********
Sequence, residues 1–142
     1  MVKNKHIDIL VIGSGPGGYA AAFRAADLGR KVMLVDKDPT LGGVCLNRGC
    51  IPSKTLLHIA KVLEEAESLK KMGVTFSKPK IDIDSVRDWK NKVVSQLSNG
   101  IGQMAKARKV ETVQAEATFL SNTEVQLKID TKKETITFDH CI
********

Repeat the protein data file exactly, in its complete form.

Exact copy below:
Sequence, residues 1–142
     1  MVKNKHIDIL VIGSGPGGYA AAFRAADLGR KVMLVDKDPT LGGVCLNRGC
    51  IPSKTLLHIA KVLEEAESLK KMGVTFSKPK IDIDSVRDWK NKVVSQLSNG
   101  IGQMAKARKV ETVQAEATFL SNTEVQLKID TKKETITFDH CI